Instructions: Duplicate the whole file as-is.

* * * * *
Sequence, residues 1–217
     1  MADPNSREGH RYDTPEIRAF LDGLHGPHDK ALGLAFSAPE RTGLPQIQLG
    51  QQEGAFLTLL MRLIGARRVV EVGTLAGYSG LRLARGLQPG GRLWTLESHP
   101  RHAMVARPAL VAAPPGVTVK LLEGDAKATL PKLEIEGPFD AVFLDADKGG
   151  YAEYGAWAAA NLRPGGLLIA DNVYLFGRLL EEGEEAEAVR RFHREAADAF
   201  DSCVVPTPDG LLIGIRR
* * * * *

Sequence, residues 1–217
     1  MADPNSREGH RYDTPEIRAF LDGLHGPHDK ALGLAFSAPE RTGLPQIQLG
    51  QQEGAFLTLL MRLIGARRVV EVGTLAGYSG LRLARGLQPG GRLWTLESHP
   101  RHAMVARPAL VAAPPGVTVK LLEGDAKATL PKLEIEGPFD AVFLDADKGG
   151  YAEYGAWAAA NLRPGGLLIA DNVYLFGRLL EEGEEAEAVR RFHREAADAF
   201  DSCVVPTPDG LLIGIRR